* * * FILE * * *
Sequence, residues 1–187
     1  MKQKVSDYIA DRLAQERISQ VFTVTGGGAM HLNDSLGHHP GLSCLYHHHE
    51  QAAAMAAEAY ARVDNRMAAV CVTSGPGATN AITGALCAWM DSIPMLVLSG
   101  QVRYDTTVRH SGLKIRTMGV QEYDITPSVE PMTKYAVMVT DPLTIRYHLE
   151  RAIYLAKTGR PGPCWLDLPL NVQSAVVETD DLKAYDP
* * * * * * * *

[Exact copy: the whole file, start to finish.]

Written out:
Sequence, residues 1–187
     1  MKQKVSDYIA DRLAQERISQ VFTVTGGGAM HLNDSLGHHP GLSCLYHHHE
    51  QAAAMAAEAY ARVDNRMAAV CVTSGPGATN AITGALCAWM DSIPMLVLSG
   101  QVRYDTTVRH SGLKIRTMGV QEYDITPSVE PMTKYAVMVT DPLTIRYHLE
   151  RAIYLAKTGR PGPCWLDLPL NVQSAVVETD DLKAYDP